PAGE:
Queen Victoria Women’s Centre Panel Series – The Hidden Pay Gap: Why Invisible Work Makes Women Poorer

Date(s) - 09 March 2017
6:00 pm - 7:00 pm


Queen Victoria Women’s Centre Panel Series – 

The Hidden Pay Gap: Why Invisible Work Makes Women Poorer

Why is it an entrenched social expectation that women be the unpaid carers in the family and community? How does the fact that women are more likely to attend to domestic duties after a full day of work (so-called ‘second shifts’) affect their economic empowerment? What is Emotional Labour and how does it contribute to a lack of financial independence for women?

Join moderator Deirdre Fidge and panellists Celeste Liddle, Julie Kun, Giselle Au-Nhien Nguyen, and Eva Birch as they discuss the ways in which structural gender discrimination and cultural biases in the workplace and at home contribute to financial exclusion at every stage of a woman’s life.

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Deirdre Fidge 

Deidre Fidge

Deirdre Fidge is a comedy writer and social worker who regularly contributes popular satirical pieces for SBS Comedy, ABC News and Fairfax. A strong advocate for feminism, LGBTQA issues and mental health, Dee’s writing has also appeared in Archer, the Star Observer and Junkee. She wishes every day was International Women’s Day.


Celeste Liddle

Celeste Liddle

Celeste Liddle is an Arrernte woman, an opinion writer, a trade unionist and public speaker. Currently serving as the National Aboriginal and Torres Strait Islander Organiser of the National Tertiary Education Union, Celeste started her blog Rantings of an Aboriginal Feminist in June 2012. A mere six weeks after she started it, Celeste had a piece picked up for publication by Daily Life and since then has written for a number of publications. Along with Daily Life (Fairfax), Celeste’s work has been seen in The Guardian, New Matilda, Tracker Magazine and others, and she has contributed chapters to anthologies such as Pan Macmillan’s Mothers and Others.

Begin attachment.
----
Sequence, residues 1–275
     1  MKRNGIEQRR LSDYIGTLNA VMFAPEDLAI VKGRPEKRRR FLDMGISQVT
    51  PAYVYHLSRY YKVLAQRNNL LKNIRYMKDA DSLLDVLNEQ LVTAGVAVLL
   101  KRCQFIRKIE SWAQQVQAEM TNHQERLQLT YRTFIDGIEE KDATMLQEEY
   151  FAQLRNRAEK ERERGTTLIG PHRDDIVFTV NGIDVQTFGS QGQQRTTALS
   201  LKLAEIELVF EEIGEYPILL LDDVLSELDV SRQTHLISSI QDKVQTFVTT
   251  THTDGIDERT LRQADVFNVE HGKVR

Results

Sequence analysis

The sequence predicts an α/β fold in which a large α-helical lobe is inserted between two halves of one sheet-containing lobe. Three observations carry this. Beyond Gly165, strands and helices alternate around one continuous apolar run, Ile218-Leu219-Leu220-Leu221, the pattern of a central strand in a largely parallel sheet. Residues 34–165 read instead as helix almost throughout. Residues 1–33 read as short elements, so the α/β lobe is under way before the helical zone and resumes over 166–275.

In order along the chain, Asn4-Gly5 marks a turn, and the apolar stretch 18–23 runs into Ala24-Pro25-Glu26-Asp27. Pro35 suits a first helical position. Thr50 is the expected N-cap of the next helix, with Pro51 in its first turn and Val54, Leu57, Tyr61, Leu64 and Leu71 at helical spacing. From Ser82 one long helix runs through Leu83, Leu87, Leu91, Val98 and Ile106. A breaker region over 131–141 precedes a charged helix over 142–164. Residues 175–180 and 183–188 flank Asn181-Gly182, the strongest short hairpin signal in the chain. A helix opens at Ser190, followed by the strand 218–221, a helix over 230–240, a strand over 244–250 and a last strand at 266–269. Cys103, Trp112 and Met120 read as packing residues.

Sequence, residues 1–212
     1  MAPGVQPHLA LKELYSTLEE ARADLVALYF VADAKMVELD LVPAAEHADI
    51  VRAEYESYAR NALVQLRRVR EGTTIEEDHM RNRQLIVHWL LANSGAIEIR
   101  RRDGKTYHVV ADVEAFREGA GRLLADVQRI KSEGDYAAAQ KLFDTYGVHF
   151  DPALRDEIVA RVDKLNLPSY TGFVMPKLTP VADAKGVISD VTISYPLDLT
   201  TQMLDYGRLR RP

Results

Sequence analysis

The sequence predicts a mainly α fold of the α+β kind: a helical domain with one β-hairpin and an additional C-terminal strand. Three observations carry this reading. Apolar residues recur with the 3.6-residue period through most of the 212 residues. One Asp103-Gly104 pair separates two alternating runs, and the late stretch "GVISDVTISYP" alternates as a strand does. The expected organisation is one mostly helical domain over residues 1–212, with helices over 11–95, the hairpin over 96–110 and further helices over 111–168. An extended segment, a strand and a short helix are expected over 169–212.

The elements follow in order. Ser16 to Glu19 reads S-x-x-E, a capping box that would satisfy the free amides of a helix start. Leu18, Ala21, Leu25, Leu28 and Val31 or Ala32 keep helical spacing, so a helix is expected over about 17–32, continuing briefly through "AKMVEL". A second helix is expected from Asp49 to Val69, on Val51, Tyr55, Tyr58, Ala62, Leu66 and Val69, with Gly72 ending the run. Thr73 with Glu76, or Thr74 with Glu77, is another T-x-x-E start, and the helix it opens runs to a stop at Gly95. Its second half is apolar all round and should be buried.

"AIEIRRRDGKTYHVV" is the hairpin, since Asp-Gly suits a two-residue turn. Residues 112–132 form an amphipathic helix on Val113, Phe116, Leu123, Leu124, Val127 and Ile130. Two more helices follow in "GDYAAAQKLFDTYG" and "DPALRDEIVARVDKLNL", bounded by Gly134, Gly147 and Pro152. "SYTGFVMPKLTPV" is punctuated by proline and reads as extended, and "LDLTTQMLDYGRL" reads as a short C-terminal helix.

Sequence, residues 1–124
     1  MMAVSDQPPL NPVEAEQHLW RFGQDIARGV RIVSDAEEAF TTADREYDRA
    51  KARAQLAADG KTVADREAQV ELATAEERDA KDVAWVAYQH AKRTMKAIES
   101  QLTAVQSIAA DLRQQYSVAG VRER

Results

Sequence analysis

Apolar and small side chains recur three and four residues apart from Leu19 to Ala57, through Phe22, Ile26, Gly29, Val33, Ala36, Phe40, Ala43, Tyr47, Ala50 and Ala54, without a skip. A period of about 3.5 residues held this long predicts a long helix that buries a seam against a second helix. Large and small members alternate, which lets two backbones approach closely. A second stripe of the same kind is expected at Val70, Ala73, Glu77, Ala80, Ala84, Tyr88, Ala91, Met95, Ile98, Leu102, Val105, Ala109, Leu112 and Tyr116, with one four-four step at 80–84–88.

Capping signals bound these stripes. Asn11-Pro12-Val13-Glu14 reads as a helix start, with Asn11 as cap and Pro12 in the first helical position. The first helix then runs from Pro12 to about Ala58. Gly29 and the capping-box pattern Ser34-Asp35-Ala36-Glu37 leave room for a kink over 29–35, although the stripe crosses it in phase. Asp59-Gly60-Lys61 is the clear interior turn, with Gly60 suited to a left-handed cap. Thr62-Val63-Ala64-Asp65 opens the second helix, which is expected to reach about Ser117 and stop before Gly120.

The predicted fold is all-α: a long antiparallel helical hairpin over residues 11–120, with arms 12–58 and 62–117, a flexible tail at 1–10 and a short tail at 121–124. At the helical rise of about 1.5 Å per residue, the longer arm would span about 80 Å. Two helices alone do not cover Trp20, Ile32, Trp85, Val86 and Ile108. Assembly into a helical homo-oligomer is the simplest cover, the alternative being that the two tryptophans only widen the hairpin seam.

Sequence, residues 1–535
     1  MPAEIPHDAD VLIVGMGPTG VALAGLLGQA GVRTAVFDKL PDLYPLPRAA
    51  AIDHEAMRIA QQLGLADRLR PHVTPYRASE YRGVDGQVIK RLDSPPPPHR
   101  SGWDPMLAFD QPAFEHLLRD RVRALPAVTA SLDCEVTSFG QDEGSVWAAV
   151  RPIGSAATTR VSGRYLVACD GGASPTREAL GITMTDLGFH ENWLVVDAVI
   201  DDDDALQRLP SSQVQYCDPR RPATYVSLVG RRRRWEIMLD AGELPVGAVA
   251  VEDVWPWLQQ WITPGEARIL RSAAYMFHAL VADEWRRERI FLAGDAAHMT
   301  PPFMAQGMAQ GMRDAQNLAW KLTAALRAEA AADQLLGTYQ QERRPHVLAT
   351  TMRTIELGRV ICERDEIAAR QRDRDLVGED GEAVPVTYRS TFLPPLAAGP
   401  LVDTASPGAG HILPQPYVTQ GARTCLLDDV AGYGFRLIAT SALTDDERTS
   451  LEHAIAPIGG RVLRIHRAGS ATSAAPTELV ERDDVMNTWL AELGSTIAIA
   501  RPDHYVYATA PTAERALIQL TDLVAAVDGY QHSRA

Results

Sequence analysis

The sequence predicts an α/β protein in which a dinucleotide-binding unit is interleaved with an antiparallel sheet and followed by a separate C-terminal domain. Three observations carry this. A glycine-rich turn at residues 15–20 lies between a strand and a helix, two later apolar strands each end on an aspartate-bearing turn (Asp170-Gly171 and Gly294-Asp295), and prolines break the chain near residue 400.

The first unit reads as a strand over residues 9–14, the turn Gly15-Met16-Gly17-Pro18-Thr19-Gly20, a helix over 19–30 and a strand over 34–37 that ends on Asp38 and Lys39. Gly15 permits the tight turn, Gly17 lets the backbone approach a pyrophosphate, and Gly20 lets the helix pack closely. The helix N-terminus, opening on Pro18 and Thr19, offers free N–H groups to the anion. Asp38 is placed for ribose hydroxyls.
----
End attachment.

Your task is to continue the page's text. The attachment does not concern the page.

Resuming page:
Julie Kun

Julie Kun

Julie Kun is a proud feminist and CEO of WIRE Women’s information – a Victorian state-wide organisation with a vision of creating a society in which women are safe, respected, valued and empowered to make genuine choices in their lives. WIRE is the only Victorian state-wide service that provides any woman with support and information on any issue.

As a social worker and social justice campaigner Julie has worked across many community services areas including women, aged care, disability, CALD and Aboriginal services. Julie’s written work includes ‘Employment services- not just a job’ and two family and workplace best practice manuals. Whilst working at the Australian Services Union Julie led the ASU’s successful and ground breaking campaign to have a family violence leave clause included in an industrial agreement – the first such clause to form a part of an industrial agreement in the world. Just 5 years on nearly two million Australian workers are covered by this clause. Julie also worked as an Industrial organiser on the ASU’s Gender pay equity campaign for community sector workers.


Giselle Au-Nhien Nguyen 

Giselle Au-Nhien Nguyen

Giselle Au-Nhien Nguyen is a Vietnamese-Australian writer based in Melbourne. She writes a regular column for Daily Life and has had her writing featured in publications including Rookie, Frankie, The Lifted Brow and i-D.

Eva Birch 

Eva Birch

Eva Birch is a writer and PhD student. She is currently completing her thesis, on sacrifice in the work of Luce Irigaray, at the University of Melbourne. Eva has participated in panels at MPavilion and Liquid Architecture and written for publications including un. Magazine, Dissect Journal, and Cordite Poetry Review.